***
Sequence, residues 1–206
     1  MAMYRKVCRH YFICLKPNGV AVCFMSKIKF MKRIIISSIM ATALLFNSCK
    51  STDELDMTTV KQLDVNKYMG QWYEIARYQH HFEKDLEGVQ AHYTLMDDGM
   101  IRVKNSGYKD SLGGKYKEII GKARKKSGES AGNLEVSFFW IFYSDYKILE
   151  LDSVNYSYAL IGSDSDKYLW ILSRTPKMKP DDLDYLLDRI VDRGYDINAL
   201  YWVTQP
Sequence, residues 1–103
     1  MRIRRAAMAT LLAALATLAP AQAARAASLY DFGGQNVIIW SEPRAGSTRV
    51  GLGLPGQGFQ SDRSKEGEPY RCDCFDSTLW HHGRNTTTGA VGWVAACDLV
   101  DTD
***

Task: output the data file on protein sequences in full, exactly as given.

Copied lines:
Sequence, residues 1–206
     1  MAMYRKVCRH YFICLKPNGV AVCFMSKIKF MKRIIISSIM ATALLFNSCK
    51  STDELDMTTV KQLDVNKYMG QWYEIARYQH HFEKDLEGVQ AHYTLMDDGM
   101  IRVKNSGYKD SLGGKYKEII GKARKKSGES AGNLEVSFFW IFYSDYKILE
   151  LDSVNYSYAL IGSDSDKYLW ILSRTPKMKP DDLDYLLDRI VDRGYDINAL
   201  YWVTQP
Sequence, residues 1–103
     1  MRIRRAAMAT LLAALATLAP AQAARAASLY DFGGQNVIIW SEPRAGSTRV
    51  GLGLPGQGFQ SDRSKEGEPY RCDCFDSTLW HHGRNTTTGA VGWVAACDLV
   101  DTD